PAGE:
Inflation lessons from history

By Jim Otar | December 17, 2021 | Last updated on December 17, 2021
3 min read
Piggy bank lifted up into sky by inflated balloon

Does it worry you that we just experienced the highest inflation rate in a generation? At the end of November 2021, annual inflation in the U.S. hit its highest mark in 39 years at 6.8%. Canada saw the highest annual inflation since 1991, at 4.7%. Is now the right time to look at inflation from a historical point of view?

Investors who experience high inflation even for a short time will withdraw more from retirement savings than originally estimated for the rest of their lives. Furthermore, to fight higher inflation, central banks increase short-term interest rates. This can create a fresh episode of bad sequence of returns. This one-two punch forces the retiree to withdraw increasingly larger amounts from a shrinking asset base.

For those reasons, the current high inflation environment will impact all retirement plans. For context, Figure 1 shows inflation since 1900 in the U.S. and in Canada.

Figure 1: Inflation, 1900-2021  

Graph showing inflation in Canada and the U.S. from 1900 to 2021. The lines for each country follow a similar trend, spiking during the two world wars, dropping in the early and late 1920s, and rising again in the 1970s ,

Source: U.S. Bureau of Labor Statistics and Statistics Canada

Figure 1 shows a high correlation between inflation rates in the two countries. For the sake of simplicity, we will use the U.S. inflation rate for the remainder of this article.

Let’s first debunk the common misconception that equities always beat inflation. This is not entirely accurate. History shows that equities beat inflation during secular bullish trends. However, during secular bearish or sideways trends, they don’t. Only specific stocks and sectors beat inflation outside secular bullish trends.

Figure 2 shows the growth of equity index returns  relative to inflation during each of the secular bullish trends for the last century (1921-1928, 1949-1965, 1982-1999). In all cases, equity indexes  were able to beat inflation, as expected. It is important to note that the U.S. equity index (represented by the Dow Jones Industrial Average) outperformed the Canadian equity index during these periods.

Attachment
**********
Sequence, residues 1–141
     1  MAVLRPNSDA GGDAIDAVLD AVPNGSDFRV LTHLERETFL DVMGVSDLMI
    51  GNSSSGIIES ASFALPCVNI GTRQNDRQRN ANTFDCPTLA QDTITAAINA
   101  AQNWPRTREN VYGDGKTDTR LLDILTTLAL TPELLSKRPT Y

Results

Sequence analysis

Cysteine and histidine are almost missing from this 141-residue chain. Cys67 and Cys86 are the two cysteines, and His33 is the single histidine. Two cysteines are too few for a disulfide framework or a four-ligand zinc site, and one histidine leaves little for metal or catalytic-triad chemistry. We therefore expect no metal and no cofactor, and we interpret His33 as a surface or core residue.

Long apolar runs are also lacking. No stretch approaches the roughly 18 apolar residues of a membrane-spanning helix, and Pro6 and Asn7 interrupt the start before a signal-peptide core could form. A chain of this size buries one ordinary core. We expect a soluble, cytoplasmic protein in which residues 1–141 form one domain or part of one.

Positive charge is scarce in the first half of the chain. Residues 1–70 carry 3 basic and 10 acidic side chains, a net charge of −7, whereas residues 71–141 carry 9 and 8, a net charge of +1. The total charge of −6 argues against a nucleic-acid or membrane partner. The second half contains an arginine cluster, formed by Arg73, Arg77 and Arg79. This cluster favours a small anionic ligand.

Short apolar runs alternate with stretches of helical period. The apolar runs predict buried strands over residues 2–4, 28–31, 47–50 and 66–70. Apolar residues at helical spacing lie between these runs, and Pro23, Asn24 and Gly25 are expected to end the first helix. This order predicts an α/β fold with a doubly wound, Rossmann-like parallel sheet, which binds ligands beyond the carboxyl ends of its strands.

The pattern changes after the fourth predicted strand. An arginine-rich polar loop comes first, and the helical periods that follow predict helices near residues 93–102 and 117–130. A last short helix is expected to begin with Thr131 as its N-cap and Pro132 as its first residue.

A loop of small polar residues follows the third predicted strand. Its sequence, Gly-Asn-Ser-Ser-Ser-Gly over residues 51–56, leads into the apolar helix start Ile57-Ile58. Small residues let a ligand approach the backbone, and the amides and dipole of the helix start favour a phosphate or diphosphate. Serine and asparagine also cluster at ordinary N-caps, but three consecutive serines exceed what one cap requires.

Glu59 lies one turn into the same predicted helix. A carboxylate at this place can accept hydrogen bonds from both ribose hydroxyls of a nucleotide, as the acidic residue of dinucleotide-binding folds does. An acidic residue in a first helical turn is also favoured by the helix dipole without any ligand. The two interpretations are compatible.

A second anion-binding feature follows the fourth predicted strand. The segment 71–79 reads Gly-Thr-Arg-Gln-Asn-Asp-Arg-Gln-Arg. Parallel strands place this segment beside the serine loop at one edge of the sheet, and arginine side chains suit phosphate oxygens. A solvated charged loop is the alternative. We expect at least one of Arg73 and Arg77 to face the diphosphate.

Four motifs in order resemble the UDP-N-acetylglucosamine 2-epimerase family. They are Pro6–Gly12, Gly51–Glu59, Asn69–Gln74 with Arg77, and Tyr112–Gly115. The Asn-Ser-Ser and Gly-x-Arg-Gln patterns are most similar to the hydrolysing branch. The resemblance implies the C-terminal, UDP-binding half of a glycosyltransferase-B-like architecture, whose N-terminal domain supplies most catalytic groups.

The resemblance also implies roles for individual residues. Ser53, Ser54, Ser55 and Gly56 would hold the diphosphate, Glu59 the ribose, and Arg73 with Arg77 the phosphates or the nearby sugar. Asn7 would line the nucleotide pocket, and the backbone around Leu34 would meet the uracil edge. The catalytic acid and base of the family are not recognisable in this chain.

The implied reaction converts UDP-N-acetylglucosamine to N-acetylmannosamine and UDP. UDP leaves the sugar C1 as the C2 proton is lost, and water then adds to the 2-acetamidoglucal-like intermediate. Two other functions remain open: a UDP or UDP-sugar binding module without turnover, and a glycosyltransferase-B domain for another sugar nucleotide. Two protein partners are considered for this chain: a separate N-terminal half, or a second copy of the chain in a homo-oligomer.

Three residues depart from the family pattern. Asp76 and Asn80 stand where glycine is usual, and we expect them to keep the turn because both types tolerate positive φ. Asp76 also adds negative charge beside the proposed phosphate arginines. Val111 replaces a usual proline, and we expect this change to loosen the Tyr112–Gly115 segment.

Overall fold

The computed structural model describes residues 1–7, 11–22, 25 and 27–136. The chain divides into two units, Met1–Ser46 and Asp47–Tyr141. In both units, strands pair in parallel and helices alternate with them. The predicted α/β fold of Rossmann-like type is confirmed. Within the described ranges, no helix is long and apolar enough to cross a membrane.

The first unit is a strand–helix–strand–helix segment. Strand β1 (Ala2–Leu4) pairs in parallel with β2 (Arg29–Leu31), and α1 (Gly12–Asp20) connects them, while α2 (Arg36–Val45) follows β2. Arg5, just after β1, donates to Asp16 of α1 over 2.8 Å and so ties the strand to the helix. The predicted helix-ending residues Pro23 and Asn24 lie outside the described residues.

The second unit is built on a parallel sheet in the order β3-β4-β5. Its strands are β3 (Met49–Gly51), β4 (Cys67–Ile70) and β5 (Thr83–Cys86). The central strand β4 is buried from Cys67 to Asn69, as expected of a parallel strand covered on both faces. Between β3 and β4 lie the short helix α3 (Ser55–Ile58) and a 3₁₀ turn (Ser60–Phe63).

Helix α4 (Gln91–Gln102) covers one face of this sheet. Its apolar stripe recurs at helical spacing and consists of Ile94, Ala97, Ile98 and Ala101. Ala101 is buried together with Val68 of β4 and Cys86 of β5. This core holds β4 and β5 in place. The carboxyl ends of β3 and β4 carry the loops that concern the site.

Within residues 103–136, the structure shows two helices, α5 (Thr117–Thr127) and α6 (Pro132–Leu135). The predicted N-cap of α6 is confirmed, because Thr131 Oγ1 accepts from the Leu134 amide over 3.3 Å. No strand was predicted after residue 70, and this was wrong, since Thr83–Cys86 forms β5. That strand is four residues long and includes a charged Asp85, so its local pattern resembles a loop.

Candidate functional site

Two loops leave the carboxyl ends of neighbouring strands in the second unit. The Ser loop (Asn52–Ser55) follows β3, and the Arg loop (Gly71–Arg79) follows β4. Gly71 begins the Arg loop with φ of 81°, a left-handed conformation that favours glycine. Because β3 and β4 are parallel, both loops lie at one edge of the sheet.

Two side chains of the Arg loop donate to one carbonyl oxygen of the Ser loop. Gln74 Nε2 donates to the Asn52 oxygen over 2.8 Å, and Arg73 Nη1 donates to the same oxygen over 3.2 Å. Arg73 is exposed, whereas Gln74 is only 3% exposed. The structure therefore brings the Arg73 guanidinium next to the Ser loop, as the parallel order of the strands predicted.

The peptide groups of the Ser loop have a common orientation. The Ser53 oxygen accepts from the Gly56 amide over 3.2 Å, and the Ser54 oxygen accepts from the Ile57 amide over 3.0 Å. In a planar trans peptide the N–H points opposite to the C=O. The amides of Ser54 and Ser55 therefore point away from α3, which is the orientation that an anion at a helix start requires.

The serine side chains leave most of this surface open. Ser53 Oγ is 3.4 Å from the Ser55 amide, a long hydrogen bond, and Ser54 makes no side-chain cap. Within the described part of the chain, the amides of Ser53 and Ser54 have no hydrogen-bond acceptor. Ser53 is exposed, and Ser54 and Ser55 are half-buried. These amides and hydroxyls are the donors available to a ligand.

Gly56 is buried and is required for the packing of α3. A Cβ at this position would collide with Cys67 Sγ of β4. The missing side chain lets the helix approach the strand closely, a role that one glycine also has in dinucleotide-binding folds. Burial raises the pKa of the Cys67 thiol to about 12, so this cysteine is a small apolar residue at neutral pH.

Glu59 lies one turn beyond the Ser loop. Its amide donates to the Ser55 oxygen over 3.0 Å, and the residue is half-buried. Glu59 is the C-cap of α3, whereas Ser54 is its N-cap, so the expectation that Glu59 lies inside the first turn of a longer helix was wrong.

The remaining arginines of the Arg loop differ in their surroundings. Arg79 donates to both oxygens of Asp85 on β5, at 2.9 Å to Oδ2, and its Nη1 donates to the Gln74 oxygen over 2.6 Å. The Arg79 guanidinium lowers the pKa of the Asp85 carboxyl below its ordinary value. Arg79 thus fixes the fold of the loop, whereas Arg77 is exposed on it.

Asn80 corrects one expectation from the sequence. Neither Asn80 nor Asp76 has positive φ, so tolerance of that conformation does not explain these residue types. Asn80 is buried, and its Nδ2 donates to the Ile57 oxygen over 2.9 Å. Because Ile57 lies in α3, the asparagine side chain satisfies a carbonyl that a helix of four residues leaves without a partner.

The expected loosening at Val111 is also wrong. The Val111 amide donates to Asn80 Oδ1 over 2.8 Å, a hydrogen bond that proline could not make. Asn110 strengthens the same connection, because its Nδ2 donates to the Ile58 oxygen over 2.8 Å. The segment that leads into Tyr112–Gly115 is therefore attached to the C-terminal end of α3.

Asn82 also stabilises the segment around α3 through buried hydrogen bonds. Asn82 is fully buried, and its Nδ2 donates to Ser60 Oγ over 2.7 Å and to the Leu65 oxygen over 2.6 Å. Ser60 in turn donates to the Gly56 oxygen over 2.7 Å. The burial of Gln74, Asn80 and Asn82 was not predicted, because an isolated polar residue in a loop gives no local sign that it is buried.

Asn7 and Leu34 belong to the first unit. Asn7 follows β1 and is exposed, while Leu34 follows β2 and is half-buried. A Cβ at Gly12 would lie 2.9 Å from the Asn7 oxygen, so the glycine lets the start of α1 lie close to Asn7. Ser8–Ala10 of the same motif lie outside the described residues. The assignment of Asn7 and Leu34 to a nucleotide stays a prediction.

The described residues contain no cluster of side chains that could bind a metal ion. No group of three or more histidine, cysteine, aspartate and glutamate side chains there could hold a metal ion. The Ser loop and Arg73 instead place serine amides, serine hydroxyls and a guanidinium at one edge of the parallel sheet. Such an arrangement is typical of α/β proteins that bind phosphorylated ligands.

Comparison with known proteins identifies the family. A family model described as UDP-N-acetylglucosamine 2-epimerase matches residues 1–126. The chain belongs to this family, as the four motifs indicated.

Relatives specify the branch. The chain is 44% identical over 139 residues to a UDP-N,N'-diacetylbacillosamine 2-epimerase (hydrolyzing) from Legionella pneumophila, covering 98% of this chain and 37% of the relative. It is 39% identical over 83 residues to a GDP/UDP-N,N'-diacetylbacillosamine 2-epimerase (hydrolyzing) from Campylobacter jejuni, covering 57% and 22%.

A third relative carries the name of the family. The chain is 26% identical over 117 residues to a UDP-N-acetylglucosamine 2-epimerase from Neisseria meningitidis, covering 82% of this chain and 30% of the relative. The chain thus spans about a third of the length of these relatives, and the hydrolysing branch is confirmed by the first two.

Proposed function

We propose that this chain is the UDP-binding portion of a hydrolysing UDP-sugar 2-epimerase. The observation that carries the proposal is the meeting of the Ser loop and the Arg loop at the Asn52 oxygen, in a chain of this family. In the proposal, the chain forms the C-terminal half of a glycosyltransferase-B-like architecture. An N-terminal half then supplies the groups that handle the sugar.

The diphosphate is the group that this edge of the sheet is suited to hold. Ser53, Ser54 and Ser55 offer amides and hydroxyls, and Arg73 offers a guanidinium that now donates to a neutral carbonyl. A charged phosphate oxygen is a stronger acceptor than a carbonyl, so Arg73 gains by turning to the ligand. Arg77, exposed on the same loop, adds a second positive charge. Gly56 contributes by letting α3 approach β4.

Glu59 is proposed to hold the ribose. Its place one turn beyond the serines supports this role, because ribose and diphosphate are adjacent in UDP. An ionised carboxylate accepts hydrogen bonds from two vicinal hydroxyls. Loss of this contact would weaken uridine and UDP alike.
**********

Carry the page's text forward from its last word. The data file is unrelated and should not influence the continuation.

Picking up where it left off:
Figure 2: Inflation and equity indexes during secular bullish trends

This chart shows how the Dow Jones Industrial Average and the S&P/TSX Composite performed relative to inflation during three secular bull markets (1921-1928, 1949-1965, 1982-1999). In all three periods, the equity indexes beat inflation -- by a significant margin in the third period. The DJIA outperforms the TSX in each.

Let’s look at periods outside the secular bullish trends. Figure 3 shows the growth of equity index returns relative to inflation during sideways and bearish secular trends (1900-1920, 1929-1948, 1966-1981), when the index did not beat inflation. (The Canadian index data is not available prior to 1919, hence no TSX line for the 1900-1920 period.)

Figure 3: Inflation and equity indices during secular sideways and bearish trends

Figure 3 shows the growth of equity index returns relative to inflation during sideways and bearish secular trends  (1900-1920, 1929-1948, 1966-1981), when the indexes did not beat inflation.

The Canadian equity index performed better than the U.S. equity index during these inflationary periods, especially during 1966-1981. This is so because the TSX index includes more stocks that perform better in higher inflation regimes — such as energy, precious metals and real estate — and can pass on price increases to customers.

Case study

What can we learn from history? Inflation has a high impact on retirement plans. Retired clients usually do not have the luxury of waiting for better markets, as they need to withdraw larger and larger amounts from savings for the rest of their retirement.

Let’s use the example of Bob, 65, who needs $40,000 from his retirement savings, indexed to CPI, for the rest of his life. Using the popular 4% initial withdrawal rate, he calculates that he needs $1 million for retirement.

Two years later, after experiencing annual inflation of 6.8% for two years in a row, Bob decides to review his plan. He updates his retirement calculations to account for the impact of this larger-than-planned inflation, and he uses a more realistic 3.5% initial withdrawal rate going forward.

The result: Bob’s new calculation shows that he needs retirement savings of about $1.3 million. This is 30% more capital than he budgeted just a couple of years prior.

The critical question is: Do your clients have a sufficient inflation cushion in their retirement plans?

Advisors should stress-test clients’ retirement plans to make sure they can withstand two or three years of higher inflation. And don’t be afraid of overweighing Canadian equities in lieu of foreign equities during high inflationary periods.

Jim C. Otar is a retired financial planner and engineer. He is the founder of His latest book is Advanced Retirement Income Planning (2020). 

Jim Otar

Jim C. Otar, M.Eng., is a retired certified financial planner and professional engineer; he founded Inc.